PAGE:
Closets can be intimidating, so you might tackle one area at a time, and do it every day for a week. Each day should only take 15 minutes or so, if you work quickly and make quick decisions about each item.

See also:


Dario Manoukian said...

Very good tip! Gotta get started right away!

FYI: Your blog inspired me so much, I decided to make my own similar blog but in spanish!

Feel free to visit! I'm linkin' to you! :v)

Bushido Blog

Leo said...

Hi Dario! Very cool. If I've inspired you to write about these topics and start your own blog ... then you've just made my day. Thanks for that. I love the look of your blog but unfortunately, tho I took Spanish in high school, I can only remember a few words! I know Google can do translations but I don't know how to do that.

If you would like to write a guest post for me sometime, in English, email me (zenhabits at gmail.com) so we can talk about it. Good luck with your blog!

Debbie said...

I just edited my dresser drawers in a way very similar to what you recommend.

However, first I decided that I really don't need any more t-shirts, sweaters, socks, undies, or shorts than my dresser can hold. So my goal was to get rid of things until everything remaining would fit easily.

Then for each drawer (such as the one for long-sleeved solid t-shirts), I split everything into the following piles: 1) stuff I love and wear, 2) stuff I love and don't wear, 3) stuff I wear and don't love, and 4) other.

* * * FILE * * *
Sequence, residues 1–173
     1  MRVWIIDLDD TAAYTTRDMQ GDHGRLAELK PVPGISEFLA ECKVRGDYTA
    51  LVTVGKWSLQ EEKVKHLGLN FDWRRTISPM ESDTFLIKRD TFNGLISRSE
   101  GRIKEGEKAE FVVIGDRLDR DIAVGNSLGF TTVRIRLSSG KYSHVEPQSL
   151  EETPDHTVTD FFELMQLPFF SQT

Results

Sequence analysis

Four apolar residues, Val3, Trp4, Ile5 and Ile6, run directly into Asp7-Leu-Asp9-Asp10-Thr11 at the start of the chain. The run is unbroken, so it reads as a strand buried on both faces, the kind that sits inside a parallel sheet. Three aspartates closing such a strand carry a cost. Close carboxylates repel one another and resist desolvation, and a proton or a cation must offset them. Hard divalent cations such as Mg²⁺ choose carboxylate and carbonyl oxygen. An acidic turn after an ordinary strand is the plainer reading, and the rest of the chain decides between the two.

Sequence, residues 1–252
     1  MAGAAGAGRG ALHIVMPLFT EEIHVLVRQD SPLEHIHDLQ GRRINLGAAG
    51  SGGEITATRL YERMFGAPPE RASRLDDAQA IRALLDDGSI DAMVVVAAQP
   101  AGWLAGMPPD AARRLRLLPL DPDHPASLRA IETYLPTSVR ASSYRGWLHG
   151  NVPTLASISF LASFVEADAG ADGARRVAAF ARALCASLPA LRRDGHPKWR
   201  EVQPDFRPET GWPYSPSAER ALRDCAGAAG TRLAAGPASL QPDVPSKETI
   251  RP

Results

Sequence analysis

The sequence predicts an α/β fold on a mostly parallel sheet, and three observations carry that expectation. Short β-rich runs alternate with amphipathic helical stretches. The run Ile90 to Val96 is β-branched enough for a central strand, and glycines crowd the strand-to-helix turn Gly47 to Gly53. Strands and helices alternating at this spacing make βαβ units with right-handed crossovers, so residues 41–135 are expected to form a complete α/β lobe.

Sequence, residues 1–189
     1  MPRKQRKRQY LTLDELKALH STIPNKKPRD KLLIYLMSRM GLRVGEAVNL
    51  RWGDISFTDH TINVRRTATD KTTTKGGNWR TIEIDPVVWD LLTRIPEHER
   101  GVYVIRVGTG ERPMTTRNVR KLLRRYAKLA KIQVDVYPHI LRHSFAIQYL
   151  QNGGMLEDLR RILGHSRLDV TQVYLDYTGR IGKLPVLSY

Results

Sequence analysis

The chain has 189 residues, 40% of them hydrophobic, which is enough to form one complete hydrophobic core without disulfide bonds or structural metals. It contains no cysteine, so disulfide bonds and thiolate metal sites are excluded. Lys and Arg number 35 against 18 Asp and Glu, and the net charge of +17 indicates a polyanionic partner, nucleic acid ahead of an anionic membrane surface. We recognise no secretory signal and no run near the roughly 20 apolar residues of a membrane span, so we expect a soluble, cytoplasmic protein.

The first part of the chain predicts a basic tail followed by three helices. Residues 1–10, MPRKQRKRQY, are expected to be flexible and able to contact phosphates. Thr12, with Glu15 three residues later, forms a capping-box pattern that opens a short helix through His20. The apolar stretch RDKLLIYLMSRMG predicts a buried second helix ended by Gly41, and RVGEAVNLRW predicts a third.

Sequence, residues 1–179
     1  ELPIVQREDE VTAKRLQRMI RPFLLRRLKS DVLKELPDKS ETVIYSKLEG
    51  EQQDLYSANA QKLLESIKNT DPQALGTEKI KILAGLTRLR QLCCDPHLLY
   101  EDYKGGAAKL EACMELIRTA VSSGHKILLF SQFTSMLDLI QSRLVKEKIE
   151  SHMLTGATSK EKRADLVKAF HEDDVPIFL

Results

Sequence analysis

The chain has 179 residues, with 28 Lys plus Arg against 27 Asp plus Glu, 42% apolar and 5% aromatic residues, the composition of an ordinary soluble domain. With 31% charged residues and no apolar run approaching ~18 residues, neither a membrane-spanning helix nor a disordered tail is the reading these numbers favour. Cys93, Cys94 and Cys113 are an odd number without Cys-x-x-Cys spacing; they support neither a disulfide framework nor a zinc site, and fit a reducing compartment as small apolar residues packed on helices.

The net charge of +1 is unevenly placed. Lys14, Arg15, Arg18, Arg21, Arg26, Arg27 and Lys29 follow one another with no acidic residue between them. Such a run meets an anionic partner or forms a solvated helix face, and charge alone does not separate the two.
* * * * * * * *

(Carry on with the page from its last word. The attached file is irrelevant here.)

Then I tried to figure out why I wear some things I don't love and don't wear some things I do love. Mostly it came down to which clothes went with something else I already owned. So for t-shirts, I only wear shirts that go with black, khaki, navy, or red shorts. I also have shirts that go with yellow shorts, but I just ruined mine.

So I started by keeping all my shirts that I wear and love. Then I looked at how many shirts went with each pair of shorts and added more shirts to the pile for the shorts with fewer matches until my drawer was full (but not too full). Then I put everything else in a "leftovers" bag which I will dig through whenever I buy new shorts. After a while I may be able to toss these things, but for right now I'm still a 'fraidy cat. I don't like shopping and would rather shop in my garage for free for stuff that fits than to have to go to a store.

(During a previous drawer clean-up, I removed everything that didn't fit.)

SpiKe said...

I've found the bottom of closets to be great storage spaces. None of my clothes are so long that they reach to the bottom so I bought some small canvas boxes and use them for socks, underwear etc rather than having a seperate set of drawers. Saves loads of space.

Organize IT

Jeremy Jacobs said...

Great stuff. You must be a mindreader!

Thanks for the link at Technorati. I've reciprocated.

Leo said...

@Debbie ... that's a great method for decluttering your drawers! Congratulations on your success. It seems that you are already a simplifying master and don't need this article! :)

This is a good opportunity for me to note that the methods I present are just one way of doing things. Obviously Debbie has another great way, which is very similar but with a nice emphasis on what you love. I think that's a great addition to what I've said. But always remember that you should do what works for you, not what works for others.

Keep up the great work, Debbie!

Leo said...

@Spike: Your method of using the floor of the closet sounds good. My comment on that in the article was simply because many people use the floor as a cluttered way to put any ol' thing. When I completely cleared the floor of my closet, it was beautiful. But if you use nice storage containers, and it isn't cluttered, that would work too!

@Jeremy: thanks for the link and the nice comment!